The Rabbit: Is This Real Life?

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This article was originally published in the 2010-2011 academic year.

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Reality TV: truly, the Marmite of the new millennium. You either love it or you hate it, but either way you can’t seem to escape it. Nowadays it’s broadcast on every channel, written about in every newspaper and magazine, and discussed all over the internet. If you somehow manage to not know even the tiniest detail about what’s going on in the world of reality TV then I applaud you, and also pity you for having to live under a very large rock in the middle of a very remote desert. But for those of us who aren’t so removed from today’s mainstream culture, we have to ask ourselves – is reality TV really worthy of our attention on such a vast scale?

I imagine at this point in reading the article, a lot of you have (as a natural reflex of sorts, perhaps) instantaneously started screaming “NO!” very loudly at this copy of The Rabbit which you hold in your hand (whether that be just in your head, or actually out loud – the latter conjuring up some particular hilarious images, you crazy readers). And to your credit, I’d agree with you. Back in the early days when Big Brother was a fresh and exciting idea for a social experiment, we might have been partial to the idea of sitting down and watching a bunch of nobodies for entertainment. But as with every phenomenon, people just didn’t know when to stop and things have since spiralled out of control. The phrase “too much of a good thing” has perhaps never been more appropriate. When there were just one or two reality TV programmes on our screens, it was fine, but now you can’t seem to go a day without seeing one – and let’s face it, the ones we have these days are, for the want of a better term, utter rubbish.

So, where did it all go so disastrously wrong for reality TV if it seemed to start out so well? Big Brother is perhaps the best example to use here, not simply because it is the most iconic reality TV programme, but because it accurately reflects the rise and fall of the genre. Its early run was a hit but eventually it needed a few twists to keep viewers coming back for more so we started seeing a handful of ‘interesting’ contestants… and then two handfuls… and then soon the whole house was just full of weirdos and any sense of ‘reality’ that the show had originally possessed had gone out of the window in favour of shameless voyeurism. Thankfully, most people cottoned on to this fact and ratings plummeted dramatically, resulting in Channel 4 finally giving it the chop last year.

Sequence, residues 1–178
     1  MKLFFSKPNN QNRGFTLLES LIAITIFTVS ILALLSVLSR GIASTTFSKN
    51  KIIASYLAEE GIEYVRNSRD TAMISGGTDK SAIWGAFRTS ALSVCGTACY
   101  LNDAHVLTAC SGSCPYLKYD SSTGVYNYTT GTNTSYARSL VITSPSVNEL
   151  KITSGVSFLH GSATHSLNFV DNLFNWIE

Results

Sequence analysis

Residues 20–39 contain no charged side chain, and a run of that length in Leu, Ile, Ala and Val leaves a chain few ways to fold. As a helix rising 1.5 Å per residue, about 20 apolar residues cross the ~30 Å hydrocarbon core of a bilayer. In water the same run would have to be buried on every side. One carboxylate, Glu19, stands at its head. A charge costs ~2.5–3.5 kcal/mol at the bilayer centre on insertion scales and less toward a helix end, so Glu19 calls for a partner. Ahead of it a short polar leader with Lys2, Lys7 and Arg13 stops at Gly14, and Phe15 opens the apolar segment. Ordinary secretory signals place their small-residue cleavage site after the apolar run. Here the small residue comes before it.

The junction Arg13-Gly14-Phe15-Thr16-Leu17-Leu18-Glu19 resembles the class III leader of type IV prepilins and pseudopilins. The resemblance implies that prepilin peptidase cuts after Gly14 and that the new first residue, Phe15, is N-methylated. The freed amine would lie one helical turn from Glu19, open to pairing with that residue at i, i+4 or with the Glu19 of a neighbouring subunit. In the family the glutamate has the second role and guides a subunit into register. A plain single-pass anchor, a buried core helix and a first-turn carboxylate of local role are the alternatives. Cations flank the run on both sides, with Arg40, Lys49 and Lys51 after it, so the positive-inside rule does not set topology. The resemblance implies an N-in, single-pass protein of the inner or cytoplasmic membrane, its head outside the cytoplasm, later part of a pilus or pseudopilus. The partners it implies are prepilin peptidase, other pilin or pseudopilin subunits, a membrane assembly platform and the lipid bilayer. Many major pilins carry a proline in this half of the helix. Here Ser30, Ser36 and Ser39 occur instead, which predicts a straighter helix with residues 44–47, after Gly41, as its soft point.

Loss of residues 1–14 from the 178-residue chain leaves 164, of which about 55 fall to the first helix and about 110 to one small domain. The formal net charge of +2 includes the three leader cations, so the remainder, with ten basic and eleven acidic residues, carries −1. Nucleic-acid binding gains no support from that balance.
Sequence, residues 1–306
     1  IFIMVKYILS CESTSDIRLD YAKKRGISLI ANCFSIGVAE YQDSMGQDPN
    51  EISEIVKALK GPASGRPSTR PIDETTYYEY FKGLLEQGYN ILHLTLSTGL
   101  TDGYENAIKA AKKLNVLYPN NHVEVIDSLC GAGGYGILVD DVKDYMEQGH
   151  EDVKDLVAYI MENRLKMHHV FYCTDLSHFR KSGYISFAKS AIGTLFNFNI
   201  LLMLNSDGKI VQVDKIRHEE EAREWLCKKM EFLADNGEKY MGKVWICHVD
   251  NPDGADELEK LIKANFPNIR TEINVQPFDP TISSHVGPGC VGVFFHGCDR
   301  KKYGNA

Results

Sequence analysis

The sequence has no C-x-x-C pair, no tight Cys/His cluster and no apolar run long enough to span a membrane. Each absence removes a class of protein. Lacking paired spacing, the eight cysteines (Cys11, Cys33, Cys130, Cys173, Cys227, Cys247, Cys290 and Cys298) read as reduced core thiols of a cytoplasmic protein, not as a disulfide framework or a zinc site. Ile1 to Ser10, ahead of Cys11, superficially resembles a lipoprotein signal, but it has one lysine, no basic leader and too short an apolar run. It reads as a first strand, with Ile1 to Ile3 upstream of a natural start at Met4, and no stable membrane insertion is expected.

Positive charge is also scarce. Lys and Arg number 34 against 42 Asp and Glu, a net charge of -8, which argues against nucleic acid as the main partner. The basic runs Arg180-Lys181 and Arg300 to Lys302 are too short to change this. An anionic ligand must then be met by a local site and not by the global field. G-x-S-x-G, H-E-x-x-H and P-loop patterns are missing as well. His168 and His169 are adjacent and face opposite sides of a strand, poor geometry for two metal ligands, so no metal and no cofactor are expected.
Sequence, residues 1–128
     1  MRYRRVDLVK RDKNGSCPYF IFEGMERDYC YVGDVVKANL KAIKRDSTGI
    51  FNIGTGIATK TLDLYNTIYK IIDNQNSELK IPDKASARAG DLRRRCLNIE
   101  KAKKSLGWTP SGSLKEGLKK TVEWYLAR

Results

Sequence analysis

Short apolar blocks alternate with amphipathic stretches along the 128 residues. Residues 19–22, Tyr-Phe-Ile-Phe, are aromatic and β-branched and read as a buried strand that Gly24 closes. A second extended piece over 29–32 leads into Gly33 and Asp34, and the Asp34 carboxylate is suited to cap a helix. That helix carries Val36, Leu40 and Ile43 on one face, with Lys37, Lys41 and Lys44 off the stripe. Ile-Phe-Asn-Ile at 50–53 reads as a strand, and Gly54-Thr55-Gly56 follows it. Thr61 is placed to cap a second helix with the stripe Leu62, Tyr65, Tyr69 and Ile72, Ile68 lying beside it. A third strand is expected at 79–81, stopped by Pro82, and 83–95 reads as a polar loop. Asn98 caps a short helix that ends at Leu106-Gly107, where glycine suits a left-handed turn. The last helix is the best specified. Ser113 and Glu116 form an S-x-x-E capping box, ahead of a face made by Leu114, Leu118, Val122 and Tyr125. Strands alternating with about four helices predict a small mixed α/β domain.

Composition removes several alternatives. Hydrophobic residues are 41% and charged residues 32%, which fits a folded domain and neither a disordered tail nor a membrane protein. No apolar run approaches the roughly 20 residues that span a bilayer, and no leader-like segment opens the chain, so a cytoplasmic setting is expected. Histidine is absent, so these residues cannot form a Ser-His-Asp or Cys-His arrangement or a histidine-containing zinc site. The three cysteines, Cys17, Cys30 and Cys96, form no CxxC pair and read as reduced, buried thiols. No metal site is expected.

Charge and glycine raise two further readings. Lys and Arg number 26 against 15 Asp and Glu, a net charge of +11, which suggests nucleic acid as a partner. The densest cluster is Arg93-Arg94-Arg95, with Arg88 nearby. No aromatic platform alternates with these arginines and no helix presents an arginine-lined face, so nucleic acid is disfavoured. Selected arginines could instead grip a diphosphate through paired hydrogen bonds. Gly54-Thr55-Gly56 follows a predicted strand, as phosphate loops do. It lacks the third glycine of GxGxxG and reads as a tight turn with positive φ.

However, there are still plenty of reality shows that manage to pull in massive audiences every week. This is partly due to the widespread media coverage and of course the faithful fans, but I also think that those of us who continually complain about the poor quality are to blame as well. Any publicity is good publicity, and the more of a fuss you kick up about something, the more attention it receives. I imagine many people might tune in to a reality TV show for the sole reason of seeing if it really is as bad as everyone makes it out to be. Instead of trying to boycott the shows and giving them plenty of free publicity in the process, the best way to show your resistance to reality TV is to take the Big Brother route and simply ignore it. If enough people stop caring, it’ll go away on its own accord.

That’s not to say I disapprove of people who enjoy watching such programmes though – by all means, feel free to enjoy them. I actually agree that it’s not all bad when it comes to reality TV, because when it does manage to spew out a few interesting scenarios or characters, they honestly can be great sources of entertainment. Wagner, for instance, kept us glued to our screens during last year’s series of The X Factor (be it for better or worse). When reality TV gets it right, it’s potentially pure television gold; however it’s when it goes over the top with the wackiness that it comes unstuck – it is meant to be ‘reality’ TV after all!

Now, if you’ll excuse me, I have a party to attend at Wagner’s love shack (la la love shack). Everybody movin’, everybody groovin’.

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